How much work this will be depends on whether:
- You have enough space to extract all the files simultaneously into one folder
- You need to be able to keep track of which file each record has come from (i.e. you can't tell just from looking at a particular record).
If you have enough space to extract everything and you don't need to track which records came from which file, then the simplest option is to use a wildcard infile statement, allowing you to import the records from all of your files in one data step:
infile "c:\yourdir\o_equities_*.tas" <other infile options as per individual files>;
This syntax works regardless of OS - it's a SAS feature, not shell expansion.
If you have enough space to extract everything in advance but you need to keep track of which records came from each file, then please refer to this page for an example of how to do this using the filevar option on the infile statement:
If you don't have enough space to extract everything in advance, but you have access to 7-zip or another archive utility, and you don't need to keep track of which records came from each file, you can use a pipe filename and extract to standard output. If you're on a Linux platform then this is very simple, as you can take advantage of shell expansion:
filename cmd pipe "nice -n 19 gunzip -c /yourdir/o_equities_*.tas.zip";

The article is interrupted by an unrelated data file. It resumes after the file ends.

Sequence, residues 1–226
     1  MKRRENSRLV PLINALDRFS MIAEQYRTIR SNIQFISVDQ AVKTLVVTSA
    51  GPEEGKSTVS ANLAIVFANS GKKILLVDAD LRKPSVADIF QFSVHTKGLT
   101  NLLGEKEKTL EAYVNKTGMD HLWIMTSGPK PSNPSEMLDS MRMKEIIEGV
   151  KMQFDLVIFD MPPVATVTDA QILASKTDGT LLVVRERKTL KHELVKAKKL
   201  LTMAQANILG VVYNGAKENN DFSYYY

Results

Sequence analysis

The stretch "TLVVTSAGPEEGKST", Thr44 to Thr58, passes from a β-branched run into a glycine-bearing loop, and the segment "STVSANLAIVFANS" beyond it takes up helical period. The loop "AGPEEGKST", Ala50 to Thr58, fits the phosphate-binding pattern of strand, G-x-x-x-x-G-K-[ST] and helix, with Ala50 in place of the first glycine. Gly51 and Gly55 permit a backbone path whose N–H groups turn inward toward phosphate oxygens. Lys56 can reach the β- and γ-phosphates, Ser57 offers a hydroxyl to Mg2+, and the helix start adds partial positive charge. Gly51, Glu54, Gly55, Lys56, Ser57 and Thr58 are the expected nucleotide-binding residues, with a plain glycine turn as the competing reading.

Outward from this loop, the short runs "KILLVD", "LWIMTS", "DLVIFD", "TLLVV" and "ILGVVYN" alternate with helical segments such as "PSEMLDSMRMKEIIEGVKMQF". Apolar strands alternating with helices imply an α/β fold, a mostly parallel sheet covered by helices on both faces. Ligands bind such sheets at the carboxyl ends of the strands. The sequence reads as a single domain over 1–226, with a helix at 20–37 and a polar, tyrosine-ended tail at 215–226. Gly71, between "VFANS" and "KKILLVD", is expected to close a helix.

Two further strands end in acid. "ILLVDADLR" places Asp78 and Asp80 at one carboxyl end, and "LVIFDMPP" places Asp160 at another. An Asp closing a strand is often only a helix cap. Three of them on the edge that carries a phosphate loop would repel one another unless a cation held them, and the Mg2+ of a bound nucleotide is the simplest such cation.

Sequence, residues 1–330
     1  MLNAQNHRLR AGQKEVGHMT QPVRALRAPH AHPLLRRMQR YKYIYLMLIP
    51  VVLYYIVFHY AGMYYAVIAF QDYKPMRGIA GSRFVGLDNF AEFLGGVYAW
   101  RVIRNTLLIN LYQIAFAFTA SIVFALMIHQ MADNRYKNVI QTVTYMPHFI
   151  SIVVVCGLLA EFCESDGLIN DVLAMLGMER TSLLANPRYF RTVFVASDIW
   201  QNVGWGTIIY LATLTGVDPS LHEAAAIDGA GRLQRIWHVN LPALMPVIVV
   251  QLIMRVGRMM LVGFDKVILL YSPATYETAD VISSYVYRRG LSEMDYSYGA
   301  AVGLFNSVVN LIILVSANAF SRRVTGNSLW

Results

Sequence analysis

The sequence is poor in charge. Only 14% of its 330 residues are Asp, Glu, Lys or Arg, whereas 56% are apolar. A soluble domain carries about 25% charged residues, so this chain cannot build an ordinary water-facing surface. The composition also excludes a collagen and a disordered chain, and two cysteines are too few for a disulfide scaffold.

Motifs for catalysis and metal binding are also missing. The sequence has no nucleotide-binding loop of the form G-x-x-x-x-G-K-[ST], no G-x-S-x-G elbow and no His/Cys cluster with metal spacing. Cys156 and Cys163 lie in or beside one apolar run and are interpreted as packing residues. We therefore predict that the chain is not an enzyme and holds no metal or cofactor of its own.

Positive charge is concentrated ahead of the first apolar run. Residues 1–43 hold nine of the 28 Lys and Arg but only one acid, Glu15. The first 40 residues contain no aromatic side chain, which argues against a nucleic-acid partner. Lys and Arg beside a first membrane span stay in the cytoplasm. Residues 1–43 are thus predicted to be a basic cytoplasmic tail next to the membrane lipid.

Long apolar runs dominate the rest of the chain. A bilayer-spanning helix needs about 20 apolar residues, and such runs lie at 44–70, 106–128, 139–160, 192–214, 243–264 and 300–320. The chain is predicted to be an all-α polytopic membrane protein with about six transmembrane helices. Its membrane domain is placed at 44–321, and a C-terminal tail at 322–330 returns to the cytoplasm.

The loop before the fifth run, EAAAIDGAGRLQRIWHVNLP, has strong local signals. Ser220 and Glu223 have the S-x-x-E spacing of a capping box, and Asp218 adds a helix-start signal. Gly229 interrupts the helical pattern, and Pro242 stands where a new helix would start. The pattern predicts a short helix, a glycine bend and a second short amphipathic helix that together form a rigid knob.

infile cmd <other infile options as per individual files>;
On windows it's the same sort of idea, but as you can't use shell expansion, you have to construct a separate filename for each zip file, or use some of 7zip's more arcane command-line options, e.g.:
filename cmd pipe "7z.exe e -an -ai!C:\yourdir\o_equities_*.tas.zip -so -y";
This will extract all files from all of the matching archives to standard output. You can narrow this down further via the 7-zip command if necessary. You will have multiple header lines mixed in with the data - you can use findstr to filter these out in the pipe before SAS sees them, or you can just choose to tolerate the odd error message here and there.
Here, the -an tells 7-zip not to read the zip file name from the command line, and the -ai tells it to expand the wildcard.
If you need to keep track of what came from where and you can't extract everything at once, your best bet (as far as I know) is to write a macro to process one file at a time, using the above techniques and add this information while you're importing each dataset.